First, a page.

The proposed contract of sale of more than 1,600 acres of land inside the Enterprise Park at Calverton to a company formed by Luminati Aerospace and a real estate developer was made available to the public by town officials yesterday.
Under the proposed agreement, Calverton Aviation & Technology LLC, a company owned by Luminati Aerospace LLC and Triple Five Ventures Co. LLC, will pay the Riverhead Community Development Agency, the town entity that holds title to the former Grumman site, $40 million for nearly all of the town’s remaining land at the site.
The contract is subject to the purchaser being determined by the town to be a “qualified and eligible sponsor” under the New York State General Municipal Law, which “possesses the financial capability as well as the skill, expertise and experience, to acquire and redevelop the property in a commercially reasonable manner.”
The town board, as the governing body of the Community Development Agency, will hold a public hearing Jan. 17 on the question of the purchaser’s qualifications and eligibility. The hearing is scheduled to begin at 7:10 p.m.
Purpose of sale
The contract states that the acquisition of the property “shall be for the purpose of redeveloping the property as set forth in the intended development plan” attached to the contract, which requires the purchaser to invest at least $1 million in infrastructure improvements to the runways within two years of the closing of title.
The “intended development plan,” attached to the contract as “Exhibit B,” says the purchaser will build out at least 1 million square feet of commercial and industrial space in the first phase of the development, which is expected to commence within 18 to 24 months of the required approvals and will take about five years to complete.
The “intended development plan” says prospective businesses expected to locate at the property include Luminati Aerospace LLC; companies that will support Luminati’s operations, including metal companies, machining companies, composite companies, metal forming companies, assemblers and systems integrator companies, engineering companies, defense companies and aircraft servicing companies; businesses that can benefit from use of the runways; “technology businesses that will have a synergistic relationship with other companies located at or near the property”; and the Federal Aviation Authority.
Is housing in or out?
“Primary emphasis shall be on the development of aviation, technology and supportive uses in addition to those uses permitted under Town Code section 301-341. Building out space that is ancillary to the commercial and industrial development shall be as permitted under Town Code section 301-341 and the Agreement of Sale and as reasonably determined to be beneficial to the primary uses,” according to the “intended development plan.”
Section 301-341 of the town code lists the principal and supportive uses allowed in the Planned Development zoning use district, in which the land is located. It states that “all uses that promote economic development” are permitted as principal uses in the PD district.
Section 301-341 also allows residential, retail, personal service and restaurant uses as “supportive uses” allowed “on a limited basis, targeted to the employees and tenants of the permitted principal uses within the EPCAL Property and not designated for primary use by the general public.”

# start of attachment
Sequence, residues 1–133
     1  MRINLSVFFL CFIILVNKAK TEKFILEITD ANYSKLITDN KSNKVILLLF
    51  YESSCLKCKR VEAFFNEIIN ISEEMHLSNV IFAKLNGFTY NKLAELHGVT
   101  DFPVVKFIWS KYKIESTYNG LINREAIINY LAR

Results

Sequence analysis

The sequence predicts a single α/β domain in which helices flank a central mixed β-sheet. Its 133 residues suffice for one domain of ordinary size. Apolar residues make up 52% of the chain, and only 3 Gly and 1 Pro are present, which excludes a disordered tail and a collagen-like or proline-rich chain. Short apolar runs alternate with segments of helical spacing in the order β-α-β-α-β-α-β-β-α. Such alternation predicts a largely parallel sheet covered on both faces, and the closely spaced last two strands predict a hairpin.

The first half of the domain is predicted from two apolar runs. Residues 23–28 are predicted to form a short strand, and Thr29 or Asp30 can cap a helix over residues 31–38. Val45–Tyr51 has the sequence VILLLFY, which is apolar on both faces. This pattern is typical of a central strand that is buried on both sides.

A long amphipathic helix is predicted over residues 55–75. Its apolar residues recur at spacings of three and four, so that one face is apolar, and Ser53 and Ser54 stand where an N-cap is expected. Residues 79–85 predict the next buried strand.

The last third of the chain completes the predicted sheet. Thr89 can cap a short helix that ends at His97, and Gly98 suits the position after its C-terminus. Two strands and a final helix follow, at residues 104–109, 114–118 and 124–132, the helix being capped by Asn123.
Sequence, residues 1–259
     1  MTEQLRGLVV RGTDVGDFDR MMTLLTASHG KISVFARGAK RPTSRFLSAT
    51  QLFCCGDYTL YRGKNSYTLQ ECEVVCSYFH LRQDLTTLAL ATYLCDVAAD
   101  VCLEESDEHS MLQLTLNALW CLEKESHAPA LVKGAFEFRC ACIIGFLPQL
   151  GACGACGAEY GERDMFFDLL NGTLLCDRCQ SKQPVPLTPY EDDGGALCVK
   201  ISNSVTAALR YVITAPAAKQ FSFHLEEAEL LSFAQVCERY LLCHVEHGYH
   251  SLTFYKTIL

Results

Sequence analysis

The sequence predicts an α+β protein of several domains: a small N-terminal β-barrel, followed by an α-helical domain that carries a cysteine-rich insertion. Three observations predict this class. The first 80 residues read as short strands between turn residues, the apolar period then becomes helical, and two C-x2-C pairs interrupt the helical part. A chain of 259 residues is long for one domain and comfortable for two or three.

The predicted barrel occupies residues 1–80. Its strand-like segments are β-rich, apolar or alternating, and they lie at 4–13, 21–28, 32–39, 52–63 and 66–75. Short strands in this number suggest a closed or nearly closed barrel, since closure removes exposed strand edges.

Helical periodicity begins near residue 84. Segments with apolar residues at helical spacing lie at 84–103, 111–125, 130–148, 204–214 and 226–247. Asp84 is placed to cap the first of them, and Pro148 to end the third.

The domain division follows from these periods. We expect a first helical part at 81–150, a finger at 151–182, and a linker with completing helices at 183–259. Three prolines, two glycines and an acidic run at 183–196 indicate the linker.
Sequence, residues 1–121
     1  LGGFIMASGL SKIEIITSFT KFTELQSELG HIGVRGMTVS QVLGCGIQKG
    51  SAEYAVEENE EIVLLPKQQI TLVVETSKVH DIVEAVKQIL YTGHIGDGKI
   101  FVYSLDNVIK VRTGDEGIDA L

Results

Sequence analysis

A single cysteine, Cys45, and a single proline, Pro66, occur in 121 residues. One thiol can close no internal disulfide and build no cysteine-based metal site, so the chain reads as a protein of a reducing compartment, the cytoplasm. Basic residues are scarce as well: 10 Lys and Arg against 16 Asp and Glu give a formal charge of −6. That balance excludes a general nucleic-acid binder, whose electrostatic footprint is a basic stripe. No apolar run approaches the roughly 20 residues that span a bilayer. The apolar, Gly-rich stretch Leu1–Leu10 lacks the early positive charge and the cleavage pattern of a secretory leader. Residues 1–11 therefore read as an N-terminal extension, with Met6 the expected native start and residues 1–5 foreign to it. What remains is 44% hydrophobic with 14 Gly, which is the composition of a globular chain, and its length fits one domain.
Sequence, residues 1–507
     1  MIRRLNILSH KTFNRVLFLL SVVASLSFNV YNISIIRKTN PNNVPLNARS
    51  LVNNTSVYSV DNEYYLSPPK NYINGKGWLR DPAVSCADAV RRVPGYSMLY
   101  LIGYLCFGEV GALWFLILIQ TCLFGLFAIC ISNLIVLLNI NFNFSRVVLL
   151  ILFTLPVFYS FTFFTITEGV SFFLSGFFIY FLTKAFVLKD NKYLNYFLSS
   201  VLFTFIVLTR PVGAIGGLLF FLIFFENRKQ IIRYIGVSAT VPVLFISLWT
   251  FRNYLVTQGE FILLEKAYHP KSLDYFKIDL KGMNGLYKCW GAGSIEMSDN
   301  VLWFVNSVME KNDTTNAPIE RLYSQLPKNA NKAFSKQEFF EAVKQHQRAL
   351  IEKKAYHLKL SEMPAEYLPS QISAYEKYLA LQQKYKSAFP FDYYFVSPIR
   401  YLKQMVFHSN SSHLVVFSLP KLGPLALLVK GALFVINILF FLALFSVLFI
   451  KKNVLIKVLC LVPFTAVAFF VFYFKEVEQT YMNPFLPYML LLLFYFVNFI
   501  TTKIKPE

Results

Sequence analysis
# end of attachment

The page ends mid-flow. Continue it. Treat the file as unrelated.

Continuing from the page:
The inclusion of residential uses among the “supportive uses” allowed under the zoning, which was adopted in August 2016, has drawn fire from residents and civic activists and even spawned a civic group coalition called the Coalition Against EPCAL Housing.
Council members Jodi Giglio and Tim Hubbard voiced opposition to allowing residential uses on the site and both said they insisted that the contract bar the purchaser from building housing there. Luminati Aerospace CEO Daniel Preston has said he has no intention to build housing on the site.
The contract terms do not state outright that no residential development will be allowed — indeed both the contract and the “intended development plan” make reference to the zoning code section that allows residential uses among the “supportive uses.” But in a section called “Title Exceptions,” the purchaser agrees to accept at closing a declaration of covenants and restrictions “providing there will be no residential uses at the property.”
In addition to representing that it has the skills and expertise to redevelop the property, the purchaser covenants that it will “redevelop the property consistent with the uses in the Planned Development Zoning District and substantially consistent with the Intended Development Plan, except as otherwise approved by the applicable governing bodies.”
The contract is subject to the filing of a final subdivision map — in a configuration agreed upon by the parties — within one year from the end of the purchaser’s due diligence period.
The purchaser has a 90-day due diligence period for performing all inspections and environmental and zoning studies. It can extend the due diligence period for an additional 90 days.
The purchaser is required to make a contract deposit of $500,000 within five business days of the effective date of the agreement — the date it is executed and delivered by all parties — and a second $500,000 deposit within three business days of the end of the due diligence period if the purchaser elects to proceed to closing. If the purchaser does not elect to proceed to closing, the agreement is terminated and the contract deposit will be refunded to the purchaser.
The contract is not contingent on the purchaser obtaining financing.
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